This post regards a twitter post with an interesting poll and discussion initiated by Chris Carswell (editor of Pharmacoeconomics and The Patient) and twitter handle @PECjournal on whether a statement should be added to a paper to the effect that the authors’ model, when requested, was not submitted for peer review.
I abstained, saying I think a statement should be made if it’s a “traditional” decision analytic/similar CEA/CUA but I personally don’t favour it for DCEs.
The two counter-arguments made were that:
- Proprietary models go against the spirit of transparency that is increasingly demanded, &
- My point that model selection for DCEs being part art is similar to that used in qualitative research but qualitative researchers still have to submit discussion guides/full survey.
I do acknowledge both points, but my responses would be as follows:
(1) Proprietary software is routinely used to generate designs and (particularly) to analyse results of economic and other models: we’re getting into the nitty-gritty of the likelihood maximisation routine used (EM algorithm/other etc), starting value routines used internally by the stats program, etc. The ultimate black box is the stuff that does everything for the novice/inexperienced DCE researcher, mentioning no names 😉
Now, that doesn’t make things right, but it does mean that unless the researcher has the full code for everything from DCE design to model selection, or can reference it all for reviewers, I don’t think picking on just the DCE model selection issue is fair.
(2) I have no objections to submitting the design of the survey – when I was a reviewer, most fatal errors were made in the design and take the view that no DCE can be properly reviewed without access to the design by reviewers. (Another reason why authors might like to rethink if they are going to use “adaptive conjoint” – are they going to provide the design administered to every respondent? Haha, thought not, and if they do, will reviewers check through such a model, involving programming it in their software. Haha, thought not.) I myself also provide details of the main and secondary analyses I conducted. These can all be reproduced by reviewers, if they want to. The difficulty – and I believe, from my (far more limited, I acknowledge) experience/observation of analysis of qualitative data that it’s the same there – is that value judgments are made: e.g. “have we really reached saturation?” etc. For the reviewer it comes down to “in my experience, do I agree with this?”
And, unfortunately, in my experience in academia, too few peers had sufficient experience – and I mean designing, analysing and interpreting DCEs across multiple fields – to possibly feel comfortable endorsing me when I say “I didn’t use the model dictated by the BIC criterion – or whatever statistical rule you may like – because it routinely gives too many latent classes and I used my experience to choose the best model”. Sorry, yes I sound arrogant, but when any one DCE has literally an infinite number of solutions – a point still ignored or misunderstood by most practitioners – then inevitably experience and gut feelings based on intimate knowledge of your sample, data and survey become paramount.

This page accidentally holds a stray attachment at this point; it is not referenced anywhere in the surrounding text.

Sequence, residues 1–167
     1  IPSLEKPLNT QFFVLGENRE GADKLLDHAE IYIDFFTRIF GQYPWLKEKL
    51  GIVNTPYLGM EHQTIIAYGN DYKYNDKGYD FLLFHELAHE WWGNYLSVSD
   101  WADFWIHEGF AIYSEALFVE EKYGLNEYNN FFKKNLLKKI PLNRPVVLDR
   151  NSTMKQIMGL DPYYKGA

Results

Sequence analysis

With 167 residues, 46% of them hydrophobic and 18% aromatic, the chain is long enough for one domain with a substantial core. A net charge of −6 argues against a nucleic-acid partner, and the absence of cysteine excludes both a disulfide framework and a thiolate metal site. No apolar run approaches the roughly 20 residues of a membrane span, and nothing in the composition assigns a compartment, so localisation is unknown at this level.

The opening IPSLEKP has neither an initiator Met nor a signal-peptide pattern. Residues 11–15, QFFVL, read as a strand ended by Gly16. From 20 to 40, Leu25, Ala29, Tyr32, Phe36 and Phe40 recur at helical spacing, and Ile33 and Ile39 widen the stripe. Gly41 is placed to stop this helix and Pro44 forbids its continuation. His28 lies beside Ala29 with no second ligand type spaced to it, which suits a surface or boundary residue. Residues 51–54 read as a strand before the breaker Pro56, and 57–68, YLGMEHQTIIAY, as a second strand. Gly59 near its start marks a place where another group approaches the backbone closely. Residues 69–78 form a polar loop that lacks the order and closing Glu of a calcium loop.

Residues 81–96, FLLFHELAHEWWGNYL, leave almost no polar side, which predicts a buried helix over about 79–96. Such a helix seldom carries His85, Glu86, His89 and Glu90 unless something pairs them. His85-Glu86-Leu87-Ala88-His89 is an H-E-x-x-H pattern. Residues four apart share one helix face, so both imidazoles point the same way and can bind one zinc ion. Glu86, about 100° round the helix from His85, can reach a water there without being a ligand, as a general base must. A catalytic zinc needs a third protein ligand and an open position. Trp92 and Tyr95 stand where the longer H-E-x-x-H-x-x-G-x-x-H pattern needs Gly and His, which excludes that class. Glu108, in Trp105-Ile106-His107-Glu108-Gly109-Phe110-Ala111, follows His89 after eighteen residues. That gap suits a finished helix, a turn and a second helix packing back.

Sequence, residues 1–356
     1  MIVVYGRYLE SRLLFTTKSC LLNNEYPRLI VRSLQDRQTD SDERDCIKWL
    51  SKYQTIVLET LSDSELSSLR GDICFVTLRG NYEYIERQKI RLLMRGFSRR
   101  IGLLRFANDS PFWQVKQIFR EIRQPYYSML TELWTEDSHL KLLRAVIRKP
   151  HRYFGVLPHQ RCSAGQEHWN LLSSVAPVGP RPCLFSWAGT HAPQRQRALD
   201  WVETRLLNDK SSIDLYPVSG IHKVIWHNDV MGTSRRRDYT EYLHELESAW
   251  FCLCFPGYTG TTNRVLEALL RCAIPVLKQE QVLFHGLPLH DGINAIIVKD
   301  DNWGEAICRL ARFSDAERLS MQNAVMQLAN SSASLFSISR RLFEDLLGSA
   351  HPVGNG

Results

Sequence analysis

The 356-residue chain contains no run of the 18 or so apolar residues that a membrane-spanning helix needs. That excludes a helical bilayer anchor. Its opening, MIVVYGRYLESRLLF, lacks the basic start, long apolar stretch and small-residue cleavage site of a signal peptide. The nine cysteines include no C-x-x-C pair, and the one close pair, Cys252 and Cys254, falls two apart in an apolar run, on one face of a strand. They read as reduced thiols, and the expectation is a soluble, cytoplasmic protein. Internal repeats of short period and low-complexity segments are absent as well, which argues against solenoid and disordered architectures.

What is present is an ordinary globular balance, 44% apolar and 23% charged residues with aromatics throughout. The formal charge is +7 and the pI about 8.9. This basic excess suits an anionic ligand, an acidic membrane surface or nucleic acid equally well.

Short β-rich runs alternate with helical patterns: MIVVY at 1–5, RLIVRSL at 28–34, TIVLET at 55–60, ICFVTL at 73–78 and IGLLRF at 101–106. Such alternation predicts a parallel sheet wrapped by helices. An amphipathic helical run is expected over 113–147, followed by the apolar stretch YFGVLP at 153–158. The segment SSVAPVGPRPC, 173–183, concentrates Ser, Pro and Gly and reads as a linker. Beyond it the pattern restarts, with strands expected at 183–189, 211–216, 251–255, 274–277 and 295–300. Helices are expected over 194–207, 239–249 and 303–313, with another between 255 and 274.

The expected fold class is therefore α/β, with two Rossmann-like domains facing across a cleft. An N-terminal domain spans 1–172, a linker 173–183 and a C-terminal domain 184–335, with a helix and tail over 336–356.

In short, model selection skills can’t be taught, they must be gained with experience.
And, you are fully entitled to say “well you would say that, you work in industry now”. To which I’d respond, yes, I do have an interest in saying that, but why are academic groups that routinely delay competitor groups’ papers, mis-reference things in order to skew publication metrics and funding likelihood etc not pulled up on their shenanigans? I got a google citation report just today to something – and seeing the authors I would have bet (before reading) 100 GBP with anyone on the planet that the paper of mine that was absolutely crucial to this new publication would not be the citation I got the report for. I would have won the bet, the citation was to something else of mine entirely. I just laugh at these things now, they don’t affect me or my business, but it’s rather sad that they still go on. Particularly in this case when it can contribute to more QALY valuation studies that can’t possibly give the right answer – how is that defensible on equity or efficiency grounds?
So, until basic rules of research – and we’re talking the stuff I was taught in my first PhD supervision like “get the primary source”, not even the more recent transparency stuff – are followed consistently by academics I’m afraid industry is entitled to retort “people in glass houses shouldn’t throw stones”.